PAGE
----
A broadening of sound for the rising thrashers
With the resurrection of thrash metal in the new millennium a whole host of acts soon flooded the scene, thrusting thrash metal back into vogue with a vengeance. While there were some great bands to come out of the reinvigorated scene (Evile and Warbringer are two immediate names that spring to mind), there was a longer list of acts that barely ranked above imitation level. One name that stood high above most was Portland (Oregon, U.S.) based act Toxic Holocaust, who took the thrash metal scene by storm with their critically acclaimed debut effort Evil Never Dies in 2003.
Since then, the speed/blackened thrash metal outfit have maintained their status as a force to be reckoned with, with their subsequent albums Hell on Earth (2005) and An Overdose of Death... (2008), not to mention their incredible number of singles and split E.P.’s in the meantime, only garnishing more and more praise amongst the growing number of thrash fanatics in the years that followed. Now Toxic Holocaust has made their highly anticipated return with their fourth full-length release Conjure and Command and, while the album is another slab of pure thrashing metal, it also represents a slight change of sound for Toxic Holocaust.
The first real noticeable difference between this album and the ones that proceeded it is that vocalist/guitarist Joel Grind has decided to share recording duties alongside his fellow band members (namely ex-Rammer bassist/backing vocalist Phil ‘Gnaast’ Zeller and Kingdom of Sorrow drummer Nikki Bellmore), rather than record the album himself. Although it’s hard to determine just how much of an impact this has made on the album, the fact that this is more of a band effort does signify a big difference from previous efforts.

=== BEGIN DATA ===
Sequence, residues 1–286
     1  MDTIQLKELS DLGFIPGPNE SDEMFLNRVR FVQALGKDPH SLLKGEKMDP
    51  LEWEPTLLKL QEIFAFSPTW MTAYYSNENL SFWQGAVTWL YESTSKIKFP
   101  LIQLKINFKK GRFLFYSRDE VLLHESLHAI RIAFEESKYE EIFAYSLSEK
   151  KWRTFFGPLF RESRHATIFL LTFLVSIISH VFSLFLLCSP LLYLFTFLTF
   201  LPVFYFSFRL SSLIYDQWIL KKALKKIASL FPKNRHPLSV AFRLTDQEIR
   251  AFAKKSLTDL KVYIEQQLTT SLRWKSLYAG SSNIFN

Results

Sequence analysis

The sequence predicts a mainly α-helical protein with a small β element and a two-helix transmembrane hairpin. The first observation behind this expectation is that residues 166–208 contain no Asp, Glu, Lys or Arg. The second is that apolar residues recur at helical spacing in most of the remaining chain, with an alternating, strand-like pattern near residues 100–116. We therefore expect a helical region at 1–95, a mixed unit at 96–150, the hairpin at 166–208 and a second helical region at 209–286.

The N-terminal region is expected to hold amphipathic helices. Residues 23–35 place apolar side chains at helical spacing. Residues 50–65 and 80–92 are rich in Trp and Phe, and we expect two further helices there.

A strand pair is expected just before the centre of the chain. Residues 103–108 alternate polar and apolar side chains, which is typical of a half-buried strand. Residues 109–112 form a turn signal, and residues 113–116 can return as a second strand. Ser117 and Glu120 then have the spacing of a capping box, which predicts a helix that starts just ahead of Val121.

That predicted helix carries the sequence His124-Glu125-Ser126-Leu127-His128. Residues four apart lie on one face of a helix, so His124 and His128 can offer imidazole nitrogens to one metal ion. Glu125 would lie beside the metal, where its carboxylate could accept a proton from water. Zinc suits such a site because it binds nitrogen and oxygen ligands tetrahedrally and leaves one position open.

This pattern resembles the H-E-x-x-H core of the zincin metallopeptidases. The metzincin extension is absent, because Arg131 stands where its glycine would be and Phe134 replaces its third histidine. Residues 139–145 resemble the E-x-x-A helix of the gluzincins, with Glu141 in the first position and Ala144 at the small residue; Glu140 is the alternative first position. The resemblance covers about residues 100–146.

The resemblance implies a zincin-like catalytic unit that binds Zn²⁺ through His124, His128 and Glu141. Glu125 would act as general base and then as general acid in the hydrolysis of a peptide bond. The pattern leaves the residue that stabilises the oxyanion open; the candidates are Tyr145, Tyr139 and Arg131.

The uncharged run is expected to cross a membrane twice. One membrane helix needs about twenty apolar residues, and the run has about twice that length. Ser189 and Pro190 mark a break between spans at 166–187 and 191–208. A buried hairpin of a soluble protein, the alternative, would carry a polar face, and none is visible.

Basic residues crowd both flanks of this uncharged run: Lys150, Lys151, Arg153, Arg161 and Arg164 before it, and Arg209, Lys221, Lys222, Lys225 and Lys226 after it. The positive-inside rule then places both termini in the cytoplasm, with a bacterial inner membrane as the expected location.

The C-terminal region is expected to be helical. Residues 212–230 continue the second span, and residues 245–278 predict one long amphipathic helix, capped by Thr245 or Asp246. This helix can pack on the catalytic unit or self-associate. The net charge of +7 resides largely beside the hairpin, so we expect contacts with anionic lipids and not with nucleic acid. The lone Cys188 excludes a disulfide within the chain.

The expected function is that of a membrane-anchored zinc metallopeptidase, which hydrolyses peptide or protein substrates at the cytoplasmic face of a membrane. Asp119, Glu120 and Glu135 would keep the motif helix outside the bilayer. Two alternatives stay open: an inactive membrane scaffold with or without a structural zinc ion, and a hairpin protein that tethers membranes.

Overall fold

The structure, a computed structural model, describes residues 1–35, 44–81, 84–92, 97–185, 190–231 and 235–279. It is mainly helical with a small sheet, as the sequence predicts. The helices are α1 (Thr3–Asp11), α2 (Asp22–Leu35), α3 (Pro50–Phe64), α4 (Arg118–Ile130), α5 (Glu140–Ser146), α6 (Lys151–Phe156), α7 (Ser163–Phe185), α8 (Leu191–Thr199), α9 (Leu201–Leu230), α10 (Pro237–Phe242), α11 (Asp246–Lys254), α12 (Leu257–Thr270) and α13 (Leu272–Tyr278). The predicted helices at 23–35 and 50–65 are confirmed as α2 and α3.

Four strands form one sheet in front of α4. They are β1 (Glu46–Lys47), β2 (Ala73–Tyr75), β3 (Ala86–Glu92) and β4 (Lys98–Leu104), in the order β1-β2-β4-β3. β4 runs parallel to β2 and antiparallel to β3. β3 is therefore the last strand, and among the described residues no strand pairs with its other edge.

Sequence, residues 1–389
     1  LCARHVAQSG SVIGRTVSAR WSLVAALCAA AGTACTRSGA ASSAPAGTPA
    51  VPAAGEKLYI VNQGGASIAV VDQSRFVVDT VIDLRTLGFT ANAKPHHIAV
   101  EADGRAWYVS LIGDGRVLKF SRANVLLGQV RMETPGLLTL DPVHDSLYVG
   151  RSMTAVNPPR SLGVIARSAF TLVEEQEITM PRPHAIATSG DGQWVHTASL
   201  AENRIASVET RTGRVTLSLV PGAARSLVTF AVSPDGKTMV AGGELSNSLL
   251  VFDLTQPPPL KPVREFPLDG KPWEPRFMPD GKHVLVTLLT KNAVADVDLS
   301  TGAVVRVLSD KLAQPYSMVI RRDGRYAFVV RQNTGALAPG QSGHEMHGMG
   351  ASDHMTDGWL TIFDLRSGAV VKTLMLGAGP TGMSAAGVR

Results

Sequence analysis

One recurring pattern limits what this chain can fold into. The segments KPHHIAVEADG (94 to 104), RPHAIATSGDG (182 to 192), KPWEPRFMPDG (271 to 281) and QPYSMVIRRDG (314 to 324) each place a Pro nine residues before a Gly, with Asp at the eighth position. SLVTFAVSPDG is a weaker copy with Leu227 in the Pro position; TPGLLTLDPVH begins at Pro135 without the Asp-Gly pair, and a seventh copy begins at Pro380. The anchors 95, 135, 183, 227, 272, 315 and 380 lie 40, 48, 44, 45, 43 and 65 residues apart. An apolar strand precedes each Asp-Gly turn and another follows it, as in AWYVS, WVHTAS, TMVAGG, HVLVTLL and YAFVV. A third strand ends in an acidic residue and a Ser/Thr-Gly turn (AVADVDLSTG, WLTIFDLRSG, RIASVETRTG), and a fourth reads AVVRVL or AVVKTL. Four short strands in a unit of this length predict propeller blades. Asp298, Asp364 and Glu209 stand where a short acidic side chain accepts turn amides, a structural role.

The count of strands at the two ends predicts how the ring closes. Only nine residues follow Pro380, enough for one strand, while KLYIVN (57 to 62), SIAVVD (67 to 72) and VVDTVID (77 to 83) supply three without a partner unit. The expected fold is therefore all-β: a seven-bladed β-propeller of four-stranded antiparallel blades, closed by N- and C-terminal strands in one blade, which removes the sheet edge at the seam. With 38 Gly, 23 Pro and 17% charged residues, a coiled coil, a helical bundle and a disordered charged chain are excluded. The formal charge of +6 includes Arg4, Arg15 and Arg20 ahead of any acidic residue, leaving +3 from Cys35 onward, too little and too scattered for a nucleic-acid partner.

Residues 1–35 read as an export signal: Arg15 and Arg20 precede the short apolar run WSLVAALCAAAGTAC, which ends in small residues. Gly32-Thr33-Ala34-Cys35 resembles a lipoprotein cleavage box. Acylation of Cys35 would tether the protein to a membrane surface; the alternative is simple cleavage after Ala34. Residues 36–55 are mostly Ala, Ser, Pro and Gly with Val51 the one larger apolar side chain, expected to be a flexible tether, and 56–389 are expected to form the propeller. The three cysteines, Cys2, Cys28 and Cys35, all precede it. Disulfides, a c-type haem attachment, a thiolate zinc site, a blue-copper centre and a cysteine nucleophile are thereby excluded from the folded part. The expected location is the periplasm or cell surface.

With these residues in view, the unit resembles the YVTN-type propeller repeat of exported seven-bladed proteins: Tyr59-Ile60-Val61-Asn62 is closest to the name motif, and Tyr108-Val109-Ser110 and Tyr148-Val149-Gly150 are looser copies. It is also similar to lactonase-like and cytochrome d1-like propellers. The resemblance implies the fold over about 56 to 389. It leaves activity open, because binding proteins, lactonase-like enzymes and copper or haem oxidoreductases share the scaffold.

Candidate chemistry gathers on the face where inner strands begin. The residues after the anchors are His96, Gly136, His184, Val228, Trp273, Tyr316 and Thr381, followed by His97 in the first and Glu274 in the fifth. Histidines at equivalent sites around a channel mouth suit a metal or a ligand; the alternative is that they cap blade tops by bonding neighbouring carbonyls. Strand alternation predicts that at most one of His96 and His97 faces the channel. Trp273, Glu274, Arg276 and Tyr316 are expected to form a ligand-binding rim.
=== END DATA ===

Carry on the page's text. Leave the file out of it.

Aside from the recording line-up, the other real notable changes can be heard throughout the ten tracks Toxic Holocaust offer up on Conjure and Command. While the band’s trademark speeding thrash sound remains intact in part, there’s also a greater emphasis on slower tempos and melodic structures, which means that while Conjure and Command is undoubtedly a Toxic Holocaust album, it’s far from a carbon copy of their previous releases.
The album opens up in a speeding fashion with Judgment Awaits You, which under two minutes, well and truly announces the return of the band in truly destructive form.
Despite its slower build-up, Agony of the Damned is a potent mid-paced thrasher that showcases Grind’s measured and gravelly semi-melodic style of punked-up/blackened vocal style, while Red Winter and Nowhere to Run follow a similar path in terms of tempo.
Unfortunately, not everything works in terms of the band’s newfound slowed down pace, with I Am Disease and the slightly faster In the Depths (Of Your Mind) a little lacking in the chorus department with their somewhat bland delivery. Thankfully, the stronger tracks outweigh the weaker efforts, with the classic Bitch, the driving The Liars are Burning, the savage Revelations and the call to arms anthem of Sound the Charge the real picks on the latter half of the album.
Conjure and Command isn’t going to be hailed as one of Toxic Holocaust’s strongest efforts, but it will at least go down as one of their more diverse and varied efforts, with more than its fair share of killer tracks.
(Relapse Records/Riot! Entertainment)